I believe that “diet” is a bad word. I believe that there’s a lot of evil happening at the hands of the diet industry and their co-conspirators (looking at you, women’s mags). I believe that our society has done a shamefully good job of teaching girls and women that they should always be “trying to lose weight” and should never be happy with their bodies. I believe that men need to speak about women differently. I believe that women need to speak about themselves and each other differently. I believe that girls need to be raised differently — including but not limited to changes to shape of their toys and the appearance of their Disney characters. I hope my kids never go on diets, and I don’t plan to use that word in front of them.
I set this all up to say — I’m going on a diet. A real one. With rules. And Excel charts. It’s not touchy-feely. It’s not “eating by intuition.” It’s actually the opposite of how I’ve been peacefully but unsuccessfully “trying to lose weight” for the past several years. Which is exactly why I chose it.
Like so many women, I’ve been “trying to lose weight” since I was 12. I’ve been “successful” at a few points. I have “failed” at many, many other points. At times, I will admit, this goal has been all-consuming and destructive. But through running and wisdom and experience and inspiration from other women, I have gained a healthier perspective on my body. Standing here now, I am proud of my strength, I am (more) confident in my own skin, and I feel (relatively) balanced. I’m no model, yet I prance around the beach in a bikini. I shamelessly love my stretchy jeans. I joyfully gobble up ice cream. But right now, this isn’t about how I feel about my body. This isn’t about how I look.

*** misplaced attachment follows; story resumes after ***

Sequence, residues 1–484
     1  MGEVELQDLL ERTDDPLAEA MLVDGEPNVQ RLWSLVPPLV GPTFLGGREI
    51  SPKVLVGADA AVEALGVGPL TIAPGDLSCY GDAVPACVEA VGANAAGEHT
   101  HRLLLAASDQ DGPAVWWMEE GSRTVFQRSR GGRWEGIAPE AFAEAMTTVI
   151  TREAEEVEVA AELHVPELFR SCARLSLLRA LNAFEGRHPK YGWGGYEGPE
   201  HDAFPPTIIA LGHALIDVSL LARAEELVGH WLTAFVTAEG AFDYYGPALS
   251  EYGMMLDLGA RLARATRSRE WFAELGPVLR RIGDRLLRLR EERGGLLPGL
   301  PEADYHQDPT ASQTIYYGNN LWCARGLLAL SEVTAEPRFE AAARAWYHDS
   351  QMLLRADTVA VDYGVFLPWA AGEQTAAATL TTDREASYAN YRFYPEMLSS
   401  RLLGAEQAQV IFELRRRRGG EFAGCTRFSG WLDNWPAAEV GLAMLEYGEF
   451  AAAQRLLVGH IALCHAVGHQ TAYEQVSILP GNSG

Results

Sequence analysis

This is about having a breakthrough athletic performance.
I’m not only trying to run my fastest marathon ever. I’m trying to qualify for the Boston Marathon. That means I need to run 26.2 miles in under 3 hours and 33 minutes. That’s running 26.2 consecutive miles way faster than I ever ran a single mile during P.E. class. That’s running 26.2 consecutive miles, each more than 2 minutes faster than I ran during my first 5K race. That’s running a marathon almost an hour and a half faster than I ran my first marathon. How else can I express this? Just trust me, that’s way faster than I ever, EVER imagined was possible.
It also happens to be 9 minutes faster than my current PR.
And according to some research, losing just 10 pounds would bridge the gap I’m facing. I’ve mentioned this several times in previous posts, and I’ve tried to shed the pounds gradually, on my own, eating mindfully (see, e.g., here and here and here). And it just hasn’t worked. So I’m changing my strategy, just like I would if I was making training plans that weren’t properly preparing me for my race.